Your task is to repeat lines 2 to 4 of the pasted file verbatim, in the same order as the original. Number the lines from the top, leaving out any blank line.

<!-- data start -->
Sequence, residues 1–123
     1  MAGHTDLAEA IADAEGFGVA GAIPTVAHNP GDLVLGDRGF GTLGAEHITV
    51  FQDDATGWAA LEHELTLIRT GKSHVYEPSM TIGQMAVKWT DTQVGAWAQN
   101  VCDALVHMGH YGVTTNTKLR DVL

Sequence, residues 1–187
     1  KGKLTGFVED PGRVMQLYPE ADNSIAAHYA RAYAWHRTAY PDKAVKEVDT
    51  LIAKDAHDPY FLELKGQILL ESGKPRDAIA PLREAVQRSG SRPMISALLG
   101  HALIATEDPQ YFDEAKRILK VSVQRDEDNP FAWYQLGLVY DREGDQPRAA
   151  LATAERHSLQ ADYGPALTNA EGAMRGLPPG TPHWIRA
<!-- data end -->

     1  MAGHTDLAEA IADAEGFGVA GAIPTVAHNP GDLVLGDRGF GTLGAEHITV
    51  FQDDATGWAA LEHELTLIRT GKSHVYEPSM TIGQMAVKWT DTQVGAWAQN
   101  VCDALVHMGH YGVTTNTKLR DVL